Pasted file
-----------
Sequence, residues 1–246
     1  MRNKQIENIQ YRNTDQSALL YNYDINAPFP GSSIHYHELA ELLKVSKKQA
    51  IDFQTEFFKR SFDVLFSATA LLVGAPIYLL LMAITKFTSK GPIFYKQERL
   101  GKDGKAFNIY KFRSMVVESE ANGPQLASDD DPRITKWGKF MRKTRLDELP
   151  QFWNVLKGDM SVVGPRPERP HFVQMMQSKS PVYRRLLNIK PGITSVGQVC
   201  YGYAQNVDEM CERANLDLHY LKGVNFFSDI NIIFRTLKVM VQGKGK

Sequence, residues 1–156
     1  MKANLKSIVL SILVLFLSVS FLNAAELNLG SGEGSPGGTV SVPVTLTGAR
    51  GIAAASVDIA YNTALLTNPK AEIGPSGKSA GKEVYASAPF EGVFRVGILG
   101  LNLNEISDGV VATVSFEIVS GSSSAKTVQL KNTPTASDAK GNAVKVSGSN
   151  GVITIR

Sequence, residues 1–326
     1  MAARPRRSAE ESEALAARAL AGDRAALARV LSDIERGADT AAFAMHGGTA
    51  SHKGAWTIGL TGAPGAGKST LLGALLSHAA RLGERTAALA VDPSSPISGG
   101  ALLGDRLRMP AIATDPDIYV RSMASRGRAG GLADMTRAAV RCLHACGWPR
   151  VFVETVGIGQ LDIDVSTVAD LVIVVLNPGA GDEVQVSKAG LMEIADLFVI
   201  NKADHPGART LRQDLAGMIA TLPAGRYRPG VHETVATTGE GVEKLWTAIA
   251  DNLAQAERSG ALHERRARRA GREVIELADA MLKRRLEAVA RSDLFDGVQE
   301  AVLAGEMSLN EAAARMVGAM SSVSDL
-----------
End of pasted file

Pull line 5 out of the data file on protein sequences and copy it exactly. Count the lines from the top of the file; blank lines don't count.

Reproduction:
   151  QFWNVLKGDM SVVGPRPERP HFVQMMQSKS PVYRRLLNIK PGITSVGQVC